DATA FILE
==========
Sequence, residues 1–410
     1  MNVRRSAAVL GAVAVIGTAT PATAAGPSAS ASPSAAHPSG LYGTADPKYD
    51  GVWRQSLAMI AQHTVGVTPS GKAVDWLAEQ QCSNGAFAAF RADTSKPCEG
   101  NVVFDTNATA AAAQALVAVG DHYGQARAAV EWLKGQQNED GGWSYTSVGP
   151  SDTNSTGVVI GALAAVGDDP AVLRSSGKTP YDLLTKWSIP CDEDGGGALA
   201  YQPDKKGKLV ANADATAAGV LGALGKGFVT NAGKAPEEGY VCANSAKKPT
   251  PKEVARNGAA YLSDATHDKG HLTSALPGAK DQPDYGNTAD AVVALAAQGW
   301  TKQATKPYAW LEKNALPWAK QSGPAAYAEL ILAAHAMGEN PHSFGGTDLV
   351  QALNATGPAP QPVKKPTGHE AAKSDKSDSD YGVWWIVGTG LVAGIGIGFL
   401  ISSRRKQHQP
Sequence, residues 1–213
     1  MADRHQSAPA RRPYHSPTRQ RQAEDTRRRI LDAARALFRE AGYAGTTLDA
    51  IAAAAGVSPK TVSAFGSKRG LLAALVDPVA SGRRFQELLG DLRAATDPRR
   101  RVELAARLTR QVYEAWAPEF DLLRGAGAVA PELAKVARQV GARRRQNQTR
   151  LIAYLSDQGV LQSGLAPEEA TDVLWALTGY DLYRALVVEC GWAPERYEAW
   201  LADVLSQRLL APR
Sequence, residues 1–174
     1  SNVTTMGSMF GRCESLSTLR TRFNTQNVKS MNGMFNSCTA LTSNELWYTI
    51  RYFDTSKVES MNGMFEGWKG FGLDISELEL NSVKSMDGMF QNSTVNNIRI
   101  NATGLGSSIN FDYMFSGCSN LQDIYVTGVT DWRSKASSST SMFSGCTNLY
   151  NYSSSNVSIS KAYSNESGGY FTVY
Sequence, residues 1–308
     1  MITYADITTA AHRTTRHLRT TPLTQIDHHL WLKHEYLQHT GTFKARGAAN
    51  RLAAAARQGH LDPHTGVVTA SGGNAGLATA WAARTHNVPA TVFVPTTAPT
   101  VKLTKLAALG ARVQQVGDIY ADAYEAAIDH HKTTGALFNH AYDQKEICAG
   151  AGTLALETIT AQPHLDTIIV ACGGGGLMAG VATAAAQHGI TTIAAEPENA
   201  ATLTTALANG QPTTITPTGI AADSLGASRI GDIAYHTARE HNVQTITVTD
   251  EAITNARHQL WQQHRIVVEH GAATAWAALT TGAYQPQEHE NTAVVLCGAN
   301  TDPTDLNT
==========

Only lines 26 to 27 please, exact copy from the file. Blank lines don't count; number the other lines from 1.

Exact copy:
   151  AGTLALETIT AQPHLDTIIV ACGGGGLMAG VATAAAQHGI TTIAAEPENA
   201  ATLTTALANG QPTTITPTGI AADSLGASRI GDIAYHTARE HNVQTITVTD